ChatGPT stole your work. So what are you going to do?

9 months ago

If you ever uploaded photos or illustrations, wrote a review, “liked” content, answered a question on Reddit, contributed to open source, or performed any number of other online activities, you did free work for tech companies because downloading all this content from the internet is how their AI systems learn about the world.

Tech companies are aware of this, but they mask your contributions to their products with technical terms like “training data”, “unsupervised learning” and “data exhaustion” (and, of course, impenetrable “Terms of Use” documents). In fact, a big part of AI innovation over the past few years has been to use more and more of your content for free. This is true for search engines like Google, social media sites like Instagram, AI research startups like OpenAI, and many other smart technology providers.

This exploitative dynamic is especially damaging when it comes to the new wave of generative AI programs like Dall-E and ChatGPT. Without your content, ChatGPT and everything like it simply would not exist. Many AI researchers believe that your content is in fact more important than what computer scientists do. However, these intelligent technologies that exploit your labor are the very technologies that threaten to put you out of work. It’s like an AI system infiltrating your factory and stealing your car.

But this dynamic also means that the users who generate the data have a lot of power. Discussions about the use of sophisticated AI technologies are often driven by impotence and the attitude that AI companies will do what they want and there is little the public can do to move the technology in the other direction. We are AI researchers and our research shows that the public has a huge amount of “data usagethat can be used to create an AI ecosystem that both generates amazing new technologies and fairly shares the benefits of those technologies with the people who created them.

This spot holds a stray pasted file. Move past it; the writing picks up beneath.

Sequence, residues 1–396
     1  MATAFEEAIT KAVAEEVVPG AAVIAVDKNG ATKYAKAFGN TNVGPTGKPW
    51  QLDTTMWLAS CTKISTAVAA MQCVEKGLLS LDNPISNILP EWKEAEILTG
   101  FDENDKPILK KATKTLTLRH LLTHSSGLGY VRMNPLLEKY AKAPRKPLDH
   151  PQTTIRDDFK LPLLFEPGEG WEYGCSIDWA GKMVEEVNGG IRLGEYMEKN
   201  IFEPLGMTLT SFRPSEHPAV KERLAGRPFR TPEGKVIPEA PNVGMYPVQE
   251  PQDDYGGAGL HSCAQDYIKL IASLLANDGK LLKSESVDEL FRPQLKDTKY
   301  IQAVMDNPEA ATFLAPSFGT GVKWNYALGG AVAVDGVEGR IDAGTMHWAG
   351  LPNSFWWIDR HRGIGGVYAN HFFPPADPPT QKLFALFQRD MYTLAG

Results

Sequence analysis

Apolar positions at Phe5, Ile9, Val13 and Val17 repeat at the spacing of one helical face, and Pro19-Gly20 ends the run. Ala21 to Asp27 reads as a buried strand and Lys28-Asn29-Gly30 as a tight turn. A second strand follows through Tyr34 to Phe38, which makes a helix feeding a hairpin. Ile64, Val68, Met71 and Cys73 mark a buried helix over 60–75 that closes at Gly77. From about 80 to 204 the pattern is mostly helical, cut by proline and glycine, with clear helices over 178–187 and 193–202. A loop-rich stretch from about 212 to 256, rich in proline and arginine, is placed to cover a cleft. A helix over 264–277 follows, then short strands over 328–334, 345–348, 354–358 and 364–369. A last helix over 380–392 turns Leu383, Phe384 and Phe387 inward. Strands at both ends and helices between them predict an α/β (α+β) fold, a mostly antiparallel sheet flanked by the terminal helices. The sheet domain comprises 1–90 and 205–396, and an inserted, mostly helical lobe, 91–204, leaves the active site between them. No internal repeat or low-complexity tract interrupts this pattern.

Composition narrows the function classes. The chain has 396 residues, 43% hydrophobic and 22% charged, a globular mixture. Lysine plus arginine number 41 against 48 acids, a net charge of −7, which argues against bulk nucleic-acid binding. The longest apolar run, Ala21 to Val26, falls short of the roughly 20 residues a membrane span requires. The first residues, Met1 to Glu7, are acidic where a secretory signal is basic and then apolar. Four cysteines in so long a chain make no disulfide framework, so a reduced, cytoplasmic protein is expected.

The use of data may deploy in at least four areas: direct action (e.g. people banding together to hide, “poison” or redirect data), repeatedlyregulatory action (for example, by insisting on a data protection policy and legal recognition of “data coalitions“), legal action (for example, communities adopting new data licensing regimes or lawsuit), and market action (for example, by requiring that large language models only train with data from consented creators).

Let’s start with direct action, which is a particularly exciting route because it can be done immediately. Because generative AI systems rely on web scraping, website owners can significantly disrupt the training data pipeline if they prohibit or restrict data collection. setting their robots.txt file (the file that tells crawlers which pages are not available).

Large user-generated content sites such as Wikipedia, StackOverflow, and Reddit are especially important to generative AI systems, and they can prevent these systems from accessing their content in even stronger ways, such as by blocking IP traffic and API access. According to Elon Musk, Twitter recently made exactly this. Content producers should also take advantage of the opt-out mechanisms increasingly provided by AI companies. For example, programmers on GitHub can choose not to BigCode training data through a simple form. More generally, just speaking up when content was used without your consent was somewhat effective. For example, large generative AI manufacturer Stability AI has agreed to honor opt-out requests received through after the social media scandal. By participating in public forms of action, as in the case of mass protest against artificial intelligence created by artists, it may be possible to force companies to stop commercial activities that the majority of the population perceives as theft.

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